AN independent watchdog has called for an end to uncertainty about the future of Northallerton remand centre and young offenders' institution.

Any decisions about the future and possible role of the establishment in East Road must be communicated swiftly and accurately by the prison service to all staff to ensure that morale and efficiency are not affected, according to the board of visitors.

The board said in its annual report for 2000 that Northallerton, where rebuilding of the wall is causing traffic disruption, was a well organised and managed prison which had inherent problems because of the 19th century buildings in which it was housed.

Over the previous five years it had suffered from financial restraints, but additional funding and an increase in staff were making a great difference and the regime was improving. Staff at all levels had shown a high degree of efficiency and commitment.

The board pointed out, however, that the centre was awaiting a consultants' report and added: "If, as is anticipated in some quarters, this report recommends a reduction in uniformed officers and is then accepted, the board believes this will return Northallerton to what we term 'the bad old days' with a regime of less time out of cell, less association and much less productive activity, a situation which caused the centre to receive much criticism and is taking hard work to change.

"The board is surprised that such surveys only consider uniformed officers and are not done in parallel with a similar examination of administrative staff levels. Any such reductions would also have a major impact on the morale of the whole establishment."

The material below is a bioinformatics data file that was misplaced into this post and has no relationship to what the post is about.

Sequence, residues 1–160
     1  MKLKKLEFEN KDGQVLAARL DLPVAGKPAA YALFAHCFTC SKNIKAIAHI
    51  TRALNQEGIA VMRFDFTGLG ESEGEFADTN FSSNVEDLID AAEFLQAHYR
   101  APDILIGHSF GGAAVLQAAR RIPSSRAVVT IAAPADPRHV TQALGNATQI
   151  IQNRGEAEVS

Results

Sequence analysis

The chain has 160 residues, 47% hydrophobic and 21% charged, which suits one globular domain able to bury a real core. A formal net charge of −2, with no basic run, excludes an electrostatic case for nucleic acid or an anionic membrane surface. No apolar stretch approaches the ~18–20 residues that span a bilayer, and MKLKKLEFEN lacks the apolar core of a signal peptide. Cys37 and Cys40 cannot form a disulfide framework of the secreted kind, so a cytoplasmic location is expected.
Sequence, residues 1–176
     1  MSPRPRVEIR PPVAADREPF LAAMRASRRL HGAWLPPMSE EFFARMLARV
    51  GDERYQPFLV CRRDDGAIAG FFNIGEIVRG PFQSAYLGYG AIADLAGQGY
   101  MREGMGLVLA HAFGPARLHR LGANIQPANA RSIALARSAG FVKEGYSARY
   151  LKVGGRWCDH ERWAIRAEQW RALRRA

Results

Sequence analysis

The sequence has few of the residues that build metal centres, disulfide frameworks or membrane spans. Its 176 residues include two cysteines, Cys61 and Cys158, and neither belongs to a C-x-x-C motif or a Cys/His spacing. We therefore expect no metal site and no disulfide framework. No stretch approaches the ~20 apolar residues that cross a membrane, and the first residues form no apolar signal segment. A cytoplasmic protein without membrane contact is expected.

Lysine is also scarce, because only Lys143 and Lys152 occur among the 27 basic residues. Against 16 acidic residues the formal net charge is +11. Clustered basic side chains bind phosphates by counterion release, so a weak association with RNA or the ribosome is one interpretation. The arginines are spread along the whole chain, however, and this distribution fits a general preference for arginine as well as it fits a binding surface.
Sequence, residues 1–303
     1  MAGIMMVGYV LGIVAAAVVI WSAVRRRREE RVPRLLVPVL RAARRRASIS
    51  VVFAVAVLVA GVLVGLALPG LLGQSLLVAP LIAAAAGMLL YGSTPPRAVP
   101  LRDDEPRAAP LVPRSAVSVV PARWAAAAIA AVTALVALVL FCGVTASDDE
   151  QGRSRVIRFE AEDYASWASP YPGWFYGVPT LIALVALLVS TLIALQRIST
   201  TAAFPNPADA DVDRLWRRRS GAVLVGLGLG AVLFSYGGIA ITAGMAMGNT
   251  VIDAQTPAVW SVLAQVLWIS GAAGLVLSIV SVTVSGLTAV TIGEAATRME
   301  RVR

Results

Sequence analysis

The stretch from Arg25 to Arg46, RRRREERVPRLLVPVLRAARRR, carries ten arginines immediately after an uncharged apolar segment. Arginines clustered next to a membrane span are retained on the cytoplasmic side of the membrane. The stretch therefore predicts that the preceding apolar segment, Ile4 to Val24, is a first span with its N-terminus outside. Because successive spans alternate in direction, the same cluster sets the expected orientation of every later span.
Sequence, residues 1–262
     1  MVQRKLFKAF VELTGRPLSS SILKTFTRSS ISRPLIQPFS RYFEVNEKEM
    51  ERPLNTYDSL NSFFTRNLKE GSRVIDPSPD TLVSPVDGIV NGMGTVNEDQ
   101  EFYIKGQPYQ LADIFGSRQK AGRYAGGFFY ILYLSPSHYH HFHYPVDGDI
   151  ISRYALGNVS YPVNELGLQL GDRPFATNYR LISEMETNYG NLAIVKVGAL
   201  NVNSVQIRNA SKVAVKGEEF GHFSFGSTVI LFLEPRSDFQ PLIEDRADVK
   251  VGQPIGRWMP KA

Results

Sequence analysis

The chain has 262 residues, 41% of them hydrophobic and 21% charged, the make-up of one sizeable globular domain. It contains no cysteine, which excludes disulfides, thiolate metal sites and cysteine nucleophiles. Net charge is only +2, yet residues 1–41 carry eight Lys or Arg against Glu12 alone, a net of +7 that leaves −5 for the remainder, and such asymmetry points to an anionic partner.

The report of the board continued: "The major factor affecting morale is the uncertain future of the establishment. What is most worrying is the number of mixed messages being received.

"Many staff, believing it will close within five years, are wondering why a vast amount of money is still being spent on capital projects.

"Why the adjustments to staffing levels when any money thus saved is minute in comparison? Uncertainty is not conducive to application and commitment."

Centre governor Mr Denis Appleton said the prison service had prepared a draft paper looking at the future of the centre but there were no definite closure proposals.

"The prison service is looking at the uses of old prisons in the middle of cities and towns, where there is no space left to expand, and whether it is economical to keep places like that open.

"But there is great pressure on prison space nationally and I think it would be very difficult to close Northallerton, which has 300 places."

Mr Appleton said the centre had to make efficiency savings of almost £500,000, which could be met in a variety of ways.

The consultants' report had recommended a reduction in staffing, although this did not necessarily mean a reduction in out of cell time or purposeful activity for inmates. There would be some fine tuning of existing shift patterns for staff